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Posture perfection: Sleeping Pigeon Pose

Hip openers…you either love them or you love to hate them! Although hip opening poses can feel so challenging for a lot of people, they can also be hugely satisfying, both for your body and also for your mind.

This forward folding variation of Pigeon Pose (eka pada rajakapotasana) is pretty intense yet very popular and is taught by many of our Go Yoga teachers in our Harrogate studio. The benefits of the pose are plentiful, and the effects can be truly liberating, providing that you understand just how to position your body and why.

Yoga student in Sleeping Pigeon Pose
Liberate your hips

Understanding pigeon pose

When learning more about the hips, it’s worth noting that we were not all created equal. Every pair of hips is unique and therefore Pigeon Pose will feel different for you than it will do for me, and so on. It is also important to consider that if you try to put your hips into a position that doesn’t necessarily come naturally, then your body will most probably compensate by moving another joint or limb into a different position to try and fix itself. Therefore, even for the most experienced of yoga practitioners, preparing to move into Pigeon Pose should be part of a well-thought-out process, as should checking and adjusting yourself, once in it. With regular practice, and as your hips begin to open, you will really begin to feel the benefits of a well-balanced Pigeon. You might also begin to notice more ease in your daily life as you sit, walk, cycle, stand or swim.

Moving into pigeon pose

During classes, you will likely move into Pigeon Pose from various different postures and positions, however, for the sake of keeping things simple, we will start in a table top.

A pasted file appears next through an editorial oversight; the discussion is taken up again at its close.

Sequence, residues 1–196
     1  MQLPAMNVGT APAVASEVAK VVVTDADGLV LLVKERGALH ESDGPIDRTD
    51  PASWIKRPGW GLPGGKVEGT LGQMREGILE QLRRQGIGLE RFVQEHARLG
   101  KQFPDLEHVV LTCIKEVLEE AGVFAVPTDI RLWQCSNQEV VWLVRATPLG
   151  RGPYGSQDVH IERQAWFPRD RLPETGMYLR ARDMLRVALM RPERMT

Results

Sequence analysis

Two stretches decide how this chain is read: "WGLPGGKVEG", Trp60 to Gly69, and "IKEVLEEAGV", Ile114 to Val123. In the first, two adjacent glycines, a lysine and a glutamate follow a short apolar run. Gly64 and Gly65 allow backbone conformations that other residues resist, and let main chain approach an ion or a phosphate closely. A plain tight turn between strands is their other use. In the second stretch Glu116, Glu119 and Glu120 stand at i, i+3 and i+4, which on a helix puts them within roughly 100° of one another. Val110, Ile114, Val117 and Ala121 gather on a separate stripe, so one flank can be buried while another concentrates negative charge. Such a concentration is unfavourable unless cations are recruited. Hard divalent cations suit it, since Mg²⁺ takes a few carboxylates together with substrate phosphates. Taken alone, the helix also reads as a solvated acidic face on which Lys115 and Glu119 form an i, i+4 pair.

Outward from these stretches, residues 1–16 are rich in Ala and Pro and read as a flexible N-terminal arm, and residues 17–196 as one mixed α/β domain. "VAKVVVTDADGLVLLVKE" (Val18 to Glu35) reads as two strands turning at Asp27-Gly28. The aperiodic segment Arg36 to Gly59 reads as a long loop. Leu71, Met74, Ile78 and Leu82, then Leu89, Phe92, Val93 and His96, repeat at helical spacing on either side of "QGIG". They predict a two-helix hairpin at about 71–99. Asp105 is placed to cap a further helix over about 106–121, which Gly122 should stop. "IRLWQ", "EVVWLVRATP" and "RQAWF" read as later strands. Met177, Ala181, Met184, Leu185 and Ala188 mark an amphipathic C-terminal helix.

1. Your table top position should be strong and grounding, with a neutral spine and fingers spread nice and wide underneath your shoulders.

2. With an inhale, draw your right knee forward, just towards the right of your right hand, so that your thigh bone and knee are directly in front of your hip socket. Your shin will most likely be on a diagonal and your right heel pointing toward your left front hip bone.

3. Gently turn your neck to the left to observe your back left leg. You should be on the top of the knee and the thigh with your foot lying flat and the big toe pointing towards the back of the room. The left leg should also be in line with its own hip socket.

4. Inhale and begin to draw your torso upright, moving your gaze to a point directly ahead of you. Draw some attention to the pelvis and notice if those knobbly bits on the front of the pelvis are pointing forward.

5. Finally, walk your hands forward and extend them as far forward as feels good to allow your neck and head to bow down towards your mat.

6. Use head support in the form of folded towels, if needed, as not to strain your neck. This can also often help to add a gentle pressure to the third eye to help you to focus on this point once in the pose.

7. Let your breath flow naturally for a count of ten inhales and ten exhales.

8. Gently walk your hands back in towards your body, aligning them underneath your shoulders as you bring the knees back into your starting table top position.

9. Repeat all of the above on your left side.

In-pose check-list

· Throughout this pose, try to keep your shoulders as relaxed as you can and not bunched up towards your ears.

· Pay a little attention to your abdomen, ensuring it is active with a focus on drawing the belly button upwards towards the spine.

· The outside of your left hip (back leg hip) should be moving forward, whilst at the same time feeling the hip of the front leg moving back.

· No frowning here! Keep the muscles in your face relaxed with a gentle smile. You know you want to.

· It is most common to experience some form of intense sensation in your left hip as your femur rotates outward in its socket. You may feel this in the fleshy part of your buttock or it might be running along the inner part of your thigh.